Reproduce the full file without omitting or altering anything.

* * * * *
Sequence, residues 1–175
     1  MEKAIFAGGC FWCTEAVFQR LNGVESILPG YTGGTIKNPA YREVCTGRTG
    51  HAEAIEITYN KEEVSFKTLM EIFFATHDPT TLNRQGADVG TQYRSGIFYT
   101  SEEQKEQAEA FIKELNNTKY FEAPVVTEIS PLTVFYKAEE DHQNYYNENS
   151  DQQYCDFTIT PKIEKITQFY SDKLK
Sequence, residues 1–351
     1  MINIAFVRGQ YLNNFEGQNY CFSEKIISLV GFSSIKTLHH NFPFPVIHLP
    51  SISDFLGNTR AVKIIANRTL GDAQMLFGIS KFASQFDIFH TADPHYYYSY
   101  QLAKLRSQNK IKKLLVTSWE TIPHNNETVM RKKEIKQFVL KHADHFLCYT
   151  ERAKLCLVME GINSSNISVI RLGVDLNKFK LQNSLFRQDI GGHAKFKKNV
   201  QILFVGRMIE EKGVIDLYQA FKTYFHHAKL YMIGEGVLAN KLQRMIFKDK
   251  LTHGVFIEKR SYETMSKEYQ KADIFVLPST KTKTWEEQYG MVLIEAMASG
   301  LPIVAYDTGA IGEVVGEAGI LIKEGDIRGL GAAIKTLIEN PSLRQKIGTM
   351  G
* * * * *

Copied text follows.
Sequence, residues 1–175
     1  MEKAIFAGGC FWCTEAVFQR LNGVESILPG YTGGTIKNPA YREVCTGRTG
    51  HAEAIEITYN KEEVSFKTLM EIFFATHDPT TLNRQGADVG TQYRSGIFYT
   101  SEEQKEQAEA FIKELNNTKY FEAPVVTEIS PLTVFYKAEE DHQNYYNENS
   151  DQQYCDFTIT PKIEKITQFY SDKLK
Sequence, residues 1–351
     1  MINIAFVRGQ YLNNFEGQNY CFSEKIISLV GFSSIKTLHH NFPFPVIHLP
    51  SISDFLGNTR AVKIIANRTL GDAQMLFGIS KFASQFDIFH TADPHYYYSY
   101  QLAKLRSQNK IKKLLVTSWE TIPHNNETVM RKKEIKQFVL KHADHFLCYT
   151  ERAKLCLVME GINSSNISVI RLGVDLNKFK LQNSLFRQDI GGHAKFKKNV
   201  QILFVGRMIE EKGVIDLYQA FKTYFHHAKL YMIGEGVLAN KLQRMIFKDK
   251  LTHGVFIEKR SYETMSKEYQ KADIFVLPST KTKTWEEQYG MVLIEAMASG
   301  LPIVAYDTGA IGEVVGEAGI LIKEGDIRGL GAAIKTLIEN PSLRQKIGTM
   351  G